So, for me the day that was spent almost entirely raking and loading leaves into trailers to be carried away for turning into leaf mould. Definitely one that required a ‘Radox Bath’ on my return home!

Even though it was repetitive work, it was also very satisfying, showing off this lovely garden with its over-arching trees and understory of shrubs and winter perennials- and hopefully giving some of the plants a good chance to ‘pick up’ as the seasons move on.

Further information:

Blickling Hall website

Blickling Hall Facebook page

A 360 degree tour of Blickling Hall

Old School Gardener

 

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Royal arms on a superb tapestry hung in the ‘waiting room’ to the royal family’s quarters.

Just before visitng the Ajuda Botanical Garden in Lisbon, we took a tour of the nearby Ajuda Palace, once the home of the Portuguese Royal Family and resplendent with rich decor, furniture, tapestries and other curiosities. A particular novelty was the indoor ‘Winter Garden’ which is a high ceilinged room hung with plants, glass grapes that catch the light, a small fountain complete with its own ‘menagerie’ and splendid bird cages. And gold is everywhere. One can imagine how this room would have been a delight in the colder months with its visual interest and birdsong.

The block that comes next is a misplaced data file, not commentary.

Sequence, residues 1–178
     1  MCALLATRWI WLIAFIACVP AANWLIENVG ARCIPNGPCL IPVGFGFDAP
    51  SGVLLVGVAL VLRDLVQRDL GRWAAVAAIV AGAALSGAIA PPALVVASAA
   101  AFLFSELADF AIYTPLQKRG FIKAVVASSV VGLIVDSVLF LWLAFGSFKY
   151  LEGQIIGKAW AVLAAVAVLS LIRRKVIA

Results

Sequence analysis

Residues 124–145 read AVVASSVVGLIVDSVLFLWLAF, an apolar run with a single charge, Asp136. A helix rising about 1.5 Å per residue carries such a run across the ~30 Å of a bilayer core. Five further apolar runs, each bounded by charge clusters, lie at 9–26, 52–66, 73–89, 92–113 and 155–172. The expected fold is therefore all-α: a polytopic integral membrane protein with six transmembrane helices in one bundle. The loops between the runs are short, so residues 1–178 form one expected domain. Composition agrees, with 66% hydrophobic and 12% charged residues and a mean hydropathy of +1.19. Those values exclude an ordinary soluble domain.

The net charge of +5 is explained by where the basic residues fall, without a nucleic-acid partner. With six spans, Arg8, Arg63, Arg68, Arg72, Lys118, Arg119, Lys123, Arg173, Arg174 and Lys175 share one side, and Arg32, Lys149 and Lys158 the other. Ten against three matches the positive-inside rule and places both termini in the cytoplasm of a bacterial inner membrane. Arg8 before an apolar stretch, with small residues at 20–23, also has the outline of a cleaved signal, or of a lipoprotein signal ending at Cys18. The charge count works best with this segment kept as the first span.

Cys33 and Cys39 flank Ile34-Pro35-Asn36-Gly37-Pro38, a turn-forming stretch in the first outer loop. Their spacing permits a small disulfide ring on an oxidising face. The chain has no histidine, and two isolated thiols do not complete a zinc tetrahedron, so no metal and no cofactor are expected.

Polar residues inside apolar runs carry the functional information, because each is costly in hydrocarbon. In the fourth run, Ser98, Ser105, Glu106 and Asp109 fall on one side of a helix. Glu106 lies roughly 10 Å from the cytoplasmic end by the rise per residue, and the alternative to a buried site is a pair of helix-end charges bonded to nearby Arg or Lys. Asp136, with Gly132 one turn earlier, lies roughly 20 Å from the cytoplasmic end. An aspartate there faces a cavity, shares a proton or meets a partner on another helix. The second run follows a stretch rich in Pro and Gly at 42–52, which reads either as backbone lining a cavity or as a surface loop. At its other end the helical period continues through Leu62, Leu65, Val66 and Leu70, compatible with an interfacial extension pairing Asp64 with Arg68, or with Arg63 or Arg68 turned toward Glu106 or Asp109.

Otherwise known as the ‘Marble Room’, this space is a good example of how controlling nature and bringing it into the house became popular in the 19th century. The walls and ceiling are lined with alabaster, the gift of the Viceroy of Egypt. This rather grand space was nonetheless intended for leisure and relaxation- a place for princely birthday parties and royal dinners on a table set around the Carrara marble fountain.

Old School Gardener

birch

‘Anglesey Abbey is a country house, formerly a priory, in the village of Lode, 512 miles (8.9 km) northeast of Cambridge, England. The house and its grounds are owned by the National Trust and are open to the public as part of the Anglesey Abbey, Garden & Lode Mill property, although some parts remain the private home of the Fairhaven family.

The 98 acres (400,000 m²) of landscaped grounds are divided into a number of walks and gardens, with classical statuary, topiary and flowerbeds. The grounds were laid out in an 18th-century style by the estate’s last private owner, the 1st Baron Fairhaven, in the 1930s. A large pool, the Quarry Pool, is believed to be the site of a 19th-century coprolite mine. Lode Water Mill, dating from the 18th century was restored to working condition in 1982 and now sells flour to visitors.’

Source and further information:

Wikipedia

National Trust website